George Leitmann on rocket test track, Naval Ordnance Test Station, China Lake

George Leitmann on rocket test track, Naval Ordnance Test Station, China Lake, mid-1950s (Image credit: Bancroft Library)

Bancroft Library oral history, podcast highlights Berkeley Engineering achievements

UC Berkeley's Oral History Center recently highlighted the history of mechanical engineering professor emeritus George Leitmann, as well as Berkeley Engineering's contribution to the rise of the semiconductor industry and Silicon Valley.

George Leitmann

Leitmann joined the faculty at UC Berkeley in 1957 and has had a distinguished career as professor of engineering science, specializing in optimal control and dynamic game theory where he is considered to be a leading authority in their applications. These include economics, planning, environmental management, uncertain systems, mechanical systems, operations research, and biological systems.

In 11 sessions, the Oral History Center recorded Leitmann talking about everything from his childhood in Vienna to Adolf Hitler and Sigmund Freud — both of whom he saw up close — to reconnaissance during World War II, rocket science, UC Berkeley administration, the riots at Berkeley in 1969, mathematics, the evolution of science and engineering instruction, the importance of family, and the kindness of dogs, among many other subjects.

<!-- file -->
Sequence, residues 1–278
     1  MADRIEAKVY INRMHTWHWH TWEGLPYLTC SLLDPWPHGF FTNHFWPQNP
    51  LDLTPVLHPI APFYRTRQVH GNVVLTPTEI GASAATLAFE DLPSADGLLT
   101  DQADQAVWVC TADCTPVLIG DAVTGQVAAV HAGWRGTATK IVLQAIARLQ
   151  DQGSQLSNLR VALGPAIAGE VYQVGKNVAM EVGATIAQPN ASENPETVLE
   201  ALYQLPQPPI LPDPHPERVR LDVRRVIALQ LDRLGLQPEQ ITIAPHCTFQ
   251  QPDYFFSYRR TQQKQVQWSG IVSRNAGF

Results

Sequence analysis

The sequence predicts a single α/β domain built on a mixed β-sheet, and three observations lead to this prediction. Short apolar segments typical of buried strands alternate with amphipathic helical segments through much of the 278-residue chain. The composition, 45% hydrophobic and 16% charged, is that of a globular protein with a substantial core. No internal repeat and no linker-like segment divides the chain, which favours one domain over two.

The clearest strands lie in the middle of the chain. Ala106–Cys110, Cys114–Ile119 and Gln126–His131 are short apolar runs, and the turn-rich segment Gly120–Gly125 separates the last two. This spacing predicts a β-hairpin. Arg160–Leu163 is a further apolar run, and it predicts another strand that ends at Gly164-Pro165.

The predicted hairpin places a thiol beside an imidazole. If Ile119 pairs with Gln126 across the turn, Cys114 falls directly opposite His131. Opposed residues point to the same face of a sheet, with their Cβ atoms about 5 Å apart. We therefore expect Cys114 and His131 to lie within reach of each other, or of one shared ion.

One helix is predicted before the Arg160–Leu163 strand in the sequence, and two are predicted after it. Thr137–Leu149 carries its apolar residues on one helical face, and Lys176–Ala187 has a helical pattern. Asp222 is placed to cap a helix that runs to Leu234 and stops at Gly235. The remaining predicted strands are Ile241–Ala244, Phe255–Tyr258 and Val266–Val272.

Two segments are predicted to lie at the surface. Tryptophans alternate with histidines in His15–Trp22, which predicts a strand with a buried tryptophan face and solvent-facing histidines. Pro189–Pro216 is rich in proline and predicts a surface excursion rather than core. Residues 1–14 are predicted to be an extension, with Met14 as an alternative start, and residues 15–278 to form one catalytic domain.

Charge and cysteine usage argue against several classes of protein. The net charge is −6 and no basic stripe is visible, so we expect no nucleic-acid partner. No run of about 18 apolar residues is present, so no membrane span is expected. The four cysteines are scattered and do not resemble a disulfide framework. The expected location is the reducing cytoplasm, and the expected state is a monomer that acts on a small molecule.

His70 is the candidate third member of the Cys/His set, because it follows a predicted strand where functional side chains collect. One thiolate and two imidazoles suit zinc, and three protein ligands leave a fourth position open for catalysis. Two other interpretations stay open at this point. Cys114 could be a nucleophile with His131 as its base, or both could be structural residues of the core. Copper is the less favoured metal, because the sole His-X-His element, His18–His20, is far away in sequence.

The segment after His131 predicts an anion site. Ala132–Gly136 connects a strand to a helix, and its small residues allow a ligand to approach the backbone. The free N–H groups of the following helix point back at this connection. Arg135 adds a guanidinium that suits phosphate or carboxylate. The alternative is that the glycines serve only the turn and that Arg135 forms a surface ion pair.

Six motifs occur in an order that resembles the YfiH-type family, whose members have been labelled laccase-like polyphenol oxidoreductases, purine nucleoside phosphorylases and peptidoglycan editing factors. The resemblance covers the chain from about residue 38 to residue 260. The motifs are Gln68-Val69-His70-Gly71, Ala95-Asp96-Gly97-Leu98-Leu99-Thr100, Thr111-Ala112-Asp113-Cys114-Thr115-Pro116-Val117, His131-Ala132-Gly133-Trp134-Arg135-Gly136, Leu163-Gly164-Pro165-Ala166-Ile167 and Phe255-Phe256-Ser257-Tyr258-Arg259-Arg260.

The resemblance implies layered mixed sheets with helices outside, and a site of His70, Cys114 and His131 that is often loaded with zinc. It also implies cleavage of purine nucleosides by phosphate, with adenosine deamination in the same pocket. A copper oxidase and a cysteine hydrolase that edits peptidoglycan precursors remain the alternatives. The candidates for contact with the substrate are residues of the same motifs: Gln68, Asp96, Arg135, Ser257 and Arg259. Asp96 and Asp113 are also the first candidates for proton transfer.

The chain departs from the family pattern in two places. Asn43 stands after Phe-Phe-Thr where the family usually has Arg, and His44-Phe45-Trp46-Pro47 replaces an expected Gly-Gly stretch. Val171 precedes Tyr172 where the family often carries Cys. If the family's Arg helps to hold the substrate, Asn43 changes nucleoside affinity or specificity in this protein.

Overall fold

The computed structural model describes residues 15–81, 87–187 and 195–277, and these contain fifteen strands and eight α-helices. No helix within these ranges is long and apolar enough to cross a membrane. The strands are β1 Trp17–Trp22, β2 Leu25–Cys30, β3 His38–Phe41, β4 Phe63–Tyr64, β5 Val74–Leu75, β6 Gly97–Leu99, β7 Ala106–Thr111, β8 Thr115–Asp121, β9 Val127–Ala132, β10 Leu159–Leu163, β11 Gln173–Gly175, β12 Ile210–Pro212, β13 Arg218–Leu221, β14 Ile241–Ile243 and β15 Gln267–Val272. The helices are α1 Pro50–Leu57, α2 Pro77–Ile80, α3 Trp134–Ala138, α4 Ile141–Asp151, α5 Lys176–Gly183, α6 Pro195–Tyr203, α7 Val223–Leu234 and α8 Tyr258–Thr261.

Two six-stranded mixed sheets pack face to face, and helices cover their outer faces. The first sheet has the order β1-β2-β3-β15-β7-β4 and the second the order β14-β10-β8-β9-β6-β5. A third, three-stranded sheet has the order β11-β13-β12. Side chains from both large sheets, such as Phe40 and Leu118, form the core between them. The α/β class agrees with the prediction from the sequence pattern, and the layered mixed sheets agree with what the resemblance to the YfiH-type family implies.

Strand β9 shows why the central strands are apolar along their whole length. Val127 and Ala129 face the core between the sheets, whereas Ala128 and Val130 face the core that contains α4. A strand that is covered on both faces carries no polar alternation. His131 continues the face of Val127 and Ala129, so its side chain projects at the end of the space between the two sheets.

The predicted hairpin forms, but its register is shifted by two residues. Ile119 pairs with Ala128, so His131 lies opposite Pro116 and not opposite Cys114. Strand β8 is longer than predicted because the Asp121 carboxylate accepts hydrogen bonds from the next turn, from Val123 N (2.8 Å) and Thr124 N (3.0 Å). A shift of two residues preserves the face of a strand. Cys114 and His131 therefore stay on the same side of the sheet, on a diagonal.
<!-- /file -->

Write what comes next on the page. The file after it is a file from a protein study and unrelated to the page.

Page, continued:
A public university's role in the rise of Silicon Valley

A new Bancroft Library podcast "Berkeley lightning: A public university’s role in the rise of Silicon Valley" highlights the contributions of Berkeley Engineering to the rise of the semiconductor industry in what became known as Silicon Valley in the 1960s and 1970s.

In contrast to the influential entrepreneurial spirit of a private university like Stanford, Berkeley’s status as a public institution had a different impact on Silicon Valley. The podcast focuses on the development of the first widely used design program for prototyping microchips. Originally designed by and for students, the software spread like lightning in part because Berkeley, as a public institution, made it available free of charge. The world has not been the same since. 


Topics: Berkeley Engineering in the News, EECS, Materials science, Mechanical engineering, Computing, Design, Devices & inventions, Industry, Research, Students, Faculty, Alumni